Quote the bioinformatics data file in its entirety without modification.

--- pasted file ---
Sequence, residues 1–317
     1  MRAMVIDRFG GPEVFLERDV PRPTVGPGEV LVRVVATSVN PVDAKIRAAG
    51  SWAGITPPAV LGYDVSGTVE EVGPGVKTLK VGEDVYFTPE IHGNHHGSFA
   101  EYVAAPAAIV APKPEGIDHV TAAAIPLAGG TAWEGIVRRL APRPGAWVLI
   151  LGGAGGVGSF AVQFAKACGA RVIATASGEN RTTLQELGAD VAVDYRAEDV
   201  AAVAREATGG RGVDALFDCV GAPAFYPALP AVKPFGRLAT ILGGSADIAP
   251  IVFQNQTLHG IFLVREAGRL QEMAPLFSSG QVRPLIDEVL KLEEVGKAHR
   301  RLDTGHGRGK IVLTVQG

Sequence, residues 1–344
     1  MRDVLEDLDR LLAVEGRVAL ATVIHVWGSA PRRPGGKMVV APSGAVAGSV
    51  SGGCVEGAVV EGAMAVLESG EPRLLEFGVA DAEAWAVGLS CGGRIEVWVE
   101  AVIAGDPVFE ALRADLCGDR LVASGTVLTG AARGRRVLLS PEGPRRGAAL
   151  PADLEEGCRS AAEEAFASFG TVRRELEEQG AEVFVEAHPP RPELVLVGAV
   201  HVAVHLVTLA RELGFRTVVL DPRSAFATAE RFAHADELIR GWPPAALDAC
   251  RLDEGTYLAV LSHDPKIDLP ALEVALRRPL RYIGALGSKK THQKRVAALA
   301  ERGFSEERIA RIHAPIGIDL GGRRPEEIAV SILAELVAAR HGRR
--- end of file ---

Sequence, residues 1–317
     1  MRAMVIDRFG GPEVFLERDV PRPTVGPGEV LVRVVATSVN PVDAKIRAAG
    51  SWAGITPPAV LGYDVSGTVE EVGPGVKTLK VGEDVYFTPE IHGNHHGSFA
   101  EYVAAPAAIV APKPEGIDHV TAAAIPLAGG TAWEGIVRRL APRPGAWVLI
   151  LGGAGGVGSF AVQFAKACGA RVIATASGEN RTTLQELGAD VAVDYRAEDV
   201  AAVAREATGG RGVDALFDCV GAPAFYPALP AVKPFGRLAT ILGGSADIAP
   251  IVFQNQTLHG IFLVREAGRL QEMAPLFSSG QVRPLIDEVL KLEEVGKAHR
   301  RLDTGHGRGK IVLTVQG

Sequence, residues 1–344
     1  MRDVLEDLDR LLAVEGRVAL ATVIHVWGSA PRRPGGKMVV APSGAVAGSV
    51  SGGCVEGAVV EGAMAVLESG EPRLLEFGVA DAEAWAVGLS CGGRIEVWVE
   101  AVIAGDPVFE ALRADLCGDR LVASGTVLTG AARGRRVLLS PEGPRRGAAL
   151  PADLEEGCRS AAEEAFASFG TVRRELEEQG AEVFVEAHPP RPELVLVGAV
   201  HVAVHLVTLA RELGFRTVVL DPRSAFATAE RFAHADELIR GWPPAALDAC
   251  RLDEGTYLAV LSHDPKIDLP ALEVALRRPL RYIGALGSKK THQKRVAALA
   301  ERGFSEERIA RIHAPIGIDL GGRRPEEIAV SILAELVAAR HGRR